INDIANAPOLIS (AP) - Jim Irsay has big plans for the Colts' future. He just hasn't worked through the details yet.
Two weeks after overhauling the front office, Indianapolis took the next big step in its major housecleaning project Tuesday - firing coach Jim Caldwell after three seasons.
"This (search) is something that's going to start immediately and I really think we're going to get a coach that's going to lead us going into the future, and I think it's a bright future," Irsay said Tuesday. "It's tough to change and go forward, we've had such excellence and greatness here over such a long period of time and that's what I expect us to do again."
Irsay is following the same plan he installed after the 1997 season. Back then, a season-ending loss on the road allowed the 3-13 Colts to clinch the No. 1 overall draft pick. The next day, Irsay fired the general manager and the head coach and eventually changed quarterbacks.
It could happen again with a little more deliberation.
The day after losing at Jacksonville to post their worst record (2-14) in two decades and wrap up this year's No. 1 pick, Irsay fired team vice chairman Bill Polian and his son, Chris, the Colts' general manager. Last week, Irsay hired 39-year-old Ryan Grigson as the replacement for the Polians.
Since then, Grigson and Irsay have been in almost constant meetings debating the future of the coaching staff.
Eventually, Irsay and Grigson proved the pundits wrong. Irsay said he told Caldwell of the decision at about 2 p.m., shortly before the team confirmed the firing.
"We've talked about where we want to be more balanced," Irsay said. "We want to be excellent on defense and more consistent, and I think that's something that we're looking at as part of the vision. I don't think the guy has to be offensive or defensive or anything like that. It's a heavy lifting process right now."
Neither Grigson nor Irsay provided a timeline for the hire.
"We want leadership. Leadership is important," Grigson said after making his first big decision in charge of an NFL team. "We want strong leadership, and we want someone who shares his vision in this new era of Colts football. We want the best man and the best leader and the man that gives us the best way to go."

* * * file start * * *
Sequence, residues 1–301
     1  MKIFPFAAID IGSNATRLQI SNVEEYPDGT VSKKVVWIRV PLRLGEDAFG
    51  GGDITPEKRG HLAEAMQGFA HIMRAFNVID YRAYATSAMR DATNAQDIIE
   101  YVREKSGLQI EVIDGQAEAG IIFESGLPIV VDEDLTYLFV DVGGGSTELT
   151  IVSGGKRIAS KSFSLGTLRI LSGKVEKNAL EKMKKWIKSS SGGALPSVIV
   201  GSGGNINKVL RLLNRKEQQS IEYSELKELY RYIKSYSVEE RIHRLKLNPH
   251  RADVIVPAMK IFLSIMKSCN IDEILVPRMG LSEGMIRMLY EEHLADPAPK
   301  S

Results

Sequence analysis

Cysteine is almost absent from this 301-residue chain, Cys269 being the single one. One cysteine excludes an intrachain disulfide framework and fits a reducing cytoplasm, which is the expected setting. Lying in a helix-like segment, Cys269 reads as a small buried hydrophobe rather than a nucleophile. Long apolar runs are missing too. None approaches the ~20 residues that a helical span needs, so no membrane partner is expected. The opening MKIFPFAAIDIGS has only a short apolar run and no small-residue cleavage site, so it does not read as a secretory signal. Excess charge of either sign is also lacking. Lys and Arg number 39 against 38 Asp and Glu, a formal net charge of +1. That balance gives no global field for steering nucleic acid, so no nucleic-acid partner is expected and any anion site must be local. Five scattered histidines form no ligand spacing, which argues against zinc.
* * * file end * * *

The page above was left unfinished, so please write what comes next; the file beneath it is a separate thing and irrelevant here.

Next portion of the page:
One thing they did agree on: The future didn't include Caldwell
Among players and coaches, Caldwell was universally well-liked. The list included Manning, who won all four of his record-setting MVP Awards with Caldwell on Indy's staff, as well as perennial Pro Bowl center Jeff Saturday.
"I think coach Caldwell has done a very good job. He has gotten the most out of his players, and we play hard for him each and every week," Saturday said before the season finale. "We haven't necessarily played well, we've made mistakes and done things, but they have, oftentimes, been things that we've talked about in coaching meetings."
Outsiders often saw it another way.
Fans frequently complained about Caldwell's game management, and some critics referred to Caldwell as a "puppet" of the Polians.
Many never forgave Caldwell for pulling the plug on a perfect season in a Game 15 loss to the Jets in 2009 and pointed to the midseason firing of defensive coordinator Larry Coyer and the long delay in replacing Curtis Painter with Dan Orlvosky at quarterback as decisions that should have come much earlier.
Irsay and Grigson did not characterize Caldwell's 1,099-day tenure the same way as fans.
But with Grigson already searching for a new coach and presumably preparing to take Andrew Luck with the No. 1 pick, the questions now turn to Manning, who had his third neck surgery in 19 months on Sept. 8.
The Colts still are not saying much about Manning's recovery, and Grigson has not yet spoken with Manning, who is owed a $28 million bonus in early March.
"We're not even there with anything regarding Peyton Manning just yet," Grigson said. "We have to know about his medical stuff, first. There's so many things there."
Caldwell ended his Colts' tenure 26-22 overall with one AFC title, two division crowns and one bleak season that has left him unemployed just three years after replacing close friend Tony Dungy, the first black coach to hoist the Lombardi Trophy.
"This was a difficult decision," Irsay said. "I wanted to make sure we took all the time we needed to make sure it was the right decision. ... And just like 14 years, ago, it's a big change for the franchise and at the same time, there's players, coaches, many people on the staff that will go into the new day and get on with the work of 2012."